Step 8: Run a stitch around the neck opening with the elastic thread. (Fig. 7) Insert the baby’s head in the neck and pull the elastic thread tight, holding the head in. (Fig. 8)

Step 9: Finish stuffing the body through the hole left on the side of the baby body. Sew up the hole.

Make a small hat or hood to attach at the base of the back neck of the suit. Decorate suit with buttons, sew on appliqués or other trims, such as fur.

Pattern for baby body suit

Pattern for baby body suit

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Old Fashioned Dolls

I came across a pattern for a simple doll that is reminiscent of the “old fashioned” rag dolls – dolls that were hand sewn  from scraps of fabric, usually left over from a hand made dress or curtain.   Here are two I recently finished…one is a gift for a friend and the other will be added to my rag doll collection.

The dolls measures 14″.  The head and torso are one piece with sewn on legs and arms.  All the outer clothes and facial features are hand sewn…there were often no sewing machines available so everything was hand stitched.  The fabrics are vintage for the dresses and pantaloons, but the hats are new.

They were fast and fun to make!

Remember the Marottes?

This past spring, my doll club, the Catskill Mountain Doll Club was trying to decide on a project that would include making doll heads…but no one was interested in crafting – or buying the expensive – bodies that go with small porcelain head. So we decided to make “marotte” dolls!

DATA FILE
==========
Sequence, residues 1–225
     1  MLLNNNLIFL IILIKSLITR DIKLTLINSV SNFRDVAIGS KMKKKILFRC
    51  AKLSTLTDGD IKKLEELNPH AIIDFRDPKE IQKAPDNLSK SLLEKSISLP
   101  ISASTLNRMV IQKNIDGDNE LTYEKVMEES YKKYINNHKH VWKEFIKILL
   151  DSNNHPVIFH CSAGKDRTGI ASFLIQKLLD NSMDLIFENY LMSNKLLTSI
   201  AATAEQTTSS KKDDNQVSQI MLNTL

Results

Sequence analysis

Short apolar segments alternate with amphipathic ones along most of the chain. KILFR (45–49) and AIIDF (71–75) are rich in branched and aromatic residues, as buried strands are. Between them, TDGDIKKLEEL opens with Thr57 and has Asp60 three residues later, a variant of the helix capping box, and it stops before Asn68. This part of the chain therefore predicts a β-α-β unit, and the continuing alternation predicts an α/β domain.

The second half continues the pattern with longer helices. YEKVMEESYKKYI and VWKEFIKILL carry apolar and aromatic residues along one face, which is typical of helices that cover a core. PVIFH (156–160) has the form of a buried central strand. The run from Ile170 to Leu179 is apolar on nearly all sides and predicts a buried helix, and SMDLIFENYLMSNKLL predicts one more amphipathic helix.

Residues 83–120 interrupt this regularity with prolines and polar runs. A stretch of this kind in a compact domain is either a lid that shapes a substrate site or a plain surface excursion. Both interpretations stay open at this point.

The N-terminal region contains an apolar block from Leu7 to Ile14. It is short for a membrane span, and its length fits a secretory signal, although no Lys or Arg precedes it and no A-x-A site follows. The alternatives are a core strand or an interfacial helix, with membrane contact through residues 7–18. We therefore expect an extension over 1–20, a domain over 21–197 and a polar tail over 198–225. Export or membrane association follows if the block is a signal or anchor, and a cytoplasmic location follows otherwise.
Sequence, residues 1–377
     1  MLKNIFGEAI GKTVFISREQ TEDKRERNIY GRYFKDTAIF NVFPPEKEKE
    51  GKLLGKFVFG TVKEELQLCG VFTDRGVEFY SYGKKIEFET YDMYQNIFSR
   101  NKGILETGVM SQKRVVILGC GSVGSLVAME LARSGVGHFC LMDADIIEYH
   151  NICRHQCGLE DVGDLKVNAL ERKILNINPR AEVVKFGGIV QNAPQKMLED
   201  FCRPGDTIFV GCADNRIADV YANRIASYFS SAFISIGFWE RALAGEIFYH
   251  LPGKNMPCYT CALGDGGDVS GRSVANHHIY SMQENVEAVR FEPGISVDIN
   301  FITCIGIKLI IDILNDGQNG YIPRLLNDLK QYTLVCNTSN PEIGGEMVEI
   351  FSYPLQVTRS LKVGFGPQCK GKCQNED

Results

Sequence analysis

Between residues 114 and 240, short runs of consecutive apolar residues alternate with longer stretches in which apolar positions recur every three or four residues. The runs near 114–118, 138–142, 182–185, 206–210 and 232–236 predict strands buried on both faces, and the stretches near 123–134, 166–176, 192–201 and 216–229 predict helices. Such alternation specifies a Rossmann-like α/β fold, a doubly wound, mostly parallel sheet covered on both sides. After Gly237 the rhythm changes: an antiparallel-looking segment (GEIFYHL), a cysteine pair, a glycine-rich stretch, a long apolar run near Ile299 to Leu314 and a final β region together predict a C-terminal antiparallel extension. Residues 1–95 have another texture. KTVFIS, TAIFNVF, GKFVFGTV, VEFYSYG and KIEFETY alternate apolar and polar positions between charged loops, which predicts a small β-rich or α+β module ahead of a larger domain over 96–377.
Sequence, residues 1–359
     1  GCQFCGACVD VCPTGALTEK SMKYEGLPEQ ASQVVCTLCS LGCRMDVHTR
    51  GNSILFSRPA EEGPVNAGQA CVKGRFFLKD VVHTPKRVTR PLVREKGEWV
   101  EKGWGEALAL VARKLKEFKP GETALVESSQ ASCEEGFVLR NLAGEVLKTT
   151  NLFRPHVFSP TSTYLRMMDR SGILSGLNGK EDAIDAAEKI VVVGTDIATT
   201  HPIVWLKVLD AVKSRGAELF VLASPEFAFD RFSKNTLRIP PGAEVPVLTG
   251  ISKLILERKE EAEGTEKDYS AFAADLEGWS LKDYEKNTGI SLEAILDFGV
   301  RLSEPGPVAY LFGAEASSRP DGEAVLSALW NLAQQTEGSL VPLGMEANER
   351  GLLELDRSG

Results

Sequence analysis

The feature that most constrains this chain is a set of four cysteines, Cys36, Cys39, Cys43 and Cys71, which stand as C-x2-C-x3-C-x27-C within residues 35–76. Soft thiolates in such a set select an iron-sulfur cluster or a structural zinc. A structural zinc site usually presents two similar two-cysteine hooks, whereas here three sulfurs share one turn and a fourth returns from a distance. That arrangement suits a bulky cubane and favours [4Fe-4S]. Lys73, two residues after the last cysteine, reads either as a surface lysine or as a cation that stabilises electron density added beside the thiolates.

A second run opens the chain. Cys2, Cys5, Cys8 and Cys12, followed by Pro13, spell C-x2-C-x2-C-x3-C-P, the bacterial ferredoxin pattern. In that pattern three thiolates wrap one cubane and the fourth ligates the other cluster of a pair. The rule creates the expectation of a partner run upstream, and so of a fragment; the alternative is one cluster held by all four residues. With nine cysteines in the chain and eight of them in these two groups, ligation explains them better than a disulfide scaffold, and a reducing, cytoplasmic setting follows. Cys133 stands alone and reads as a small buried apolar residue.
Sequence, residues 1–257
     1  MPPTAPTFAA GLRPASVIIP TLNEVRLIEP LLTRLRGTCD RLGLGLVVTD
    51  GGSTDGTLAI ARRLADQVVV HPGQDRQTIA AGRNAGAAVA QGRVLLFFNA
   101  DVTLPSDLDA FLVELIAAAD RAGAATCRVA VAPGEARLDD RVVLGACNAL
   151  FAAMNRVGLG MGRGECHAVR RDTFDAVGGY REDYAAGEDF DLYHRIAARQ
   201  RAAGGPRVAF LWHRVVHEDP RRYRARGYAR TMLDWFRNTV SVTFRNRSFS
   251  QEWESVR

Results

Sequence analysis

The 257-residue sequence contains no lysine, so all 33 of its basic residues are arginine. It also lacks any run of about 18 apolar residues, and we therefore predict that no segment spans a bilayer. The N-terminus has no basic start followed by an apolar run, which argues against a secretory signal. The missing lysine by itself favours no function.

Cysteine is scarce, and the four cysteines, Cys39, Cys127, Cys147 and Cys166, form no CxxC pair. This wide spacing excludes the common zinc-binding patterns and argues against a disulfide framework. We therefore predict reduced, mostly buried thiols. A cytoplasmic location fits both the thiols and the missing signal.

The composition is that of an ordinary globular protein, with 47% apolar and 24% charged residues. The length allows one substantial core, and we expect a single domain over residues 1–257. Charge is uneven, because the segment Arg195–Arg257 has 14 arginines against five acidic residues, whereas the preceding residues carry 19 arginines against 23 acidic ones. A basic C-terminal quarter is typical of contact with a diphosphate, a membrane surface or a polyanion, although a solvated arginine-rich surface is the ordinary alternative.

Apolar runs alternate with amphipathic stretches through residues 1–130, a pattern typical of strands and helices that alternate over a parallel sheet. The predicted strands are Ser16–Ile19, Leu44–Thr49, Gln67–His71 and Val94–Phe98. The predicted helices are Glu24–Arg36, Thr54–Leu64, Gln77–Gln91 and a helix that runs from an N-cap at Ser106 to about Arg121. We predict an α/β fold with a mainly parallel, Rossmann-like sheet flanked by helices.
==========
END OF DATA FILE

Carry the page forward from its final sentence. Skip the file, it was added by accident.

Marotte is a French word which means “frivolous amusement”.  Such was the name given to the toy made in France in the last half of the 19th century.  Essentially a marotte doll is a doll’s heads attached to a dowel or stick…adorned with various decorations and a music box.

When the stick is swung around, it activates the musical movement producing an attractive effect combined with the bells decorating the pointy ends of the gaudy dresses.  The heads and costumes often depicted a jester or harlequin.

Painting of a boy with a marotte doll.

Club  members cleaned and china painted a variety of milette heads and used these as the basic head for their marottes.  Below are four marottes I made:

The red and b&w marottes heads are cast from the “Cocoa” mold by Seeleys.

The gaudy outfits swing freely when the dowel is twisted…there is the sound of bells…a music button was added to two of the dolls to afford music as well.

They were fun to make and really offered the opportunity for creativity!






My Five Top Rules for Doll Making

Over the years I have learned many lessons…and have made many mistakes.  So to open this category  I would like to pass on my five top rules for doll making:

1)    Cut it a little larger, longer, bigger…it can always  be cut down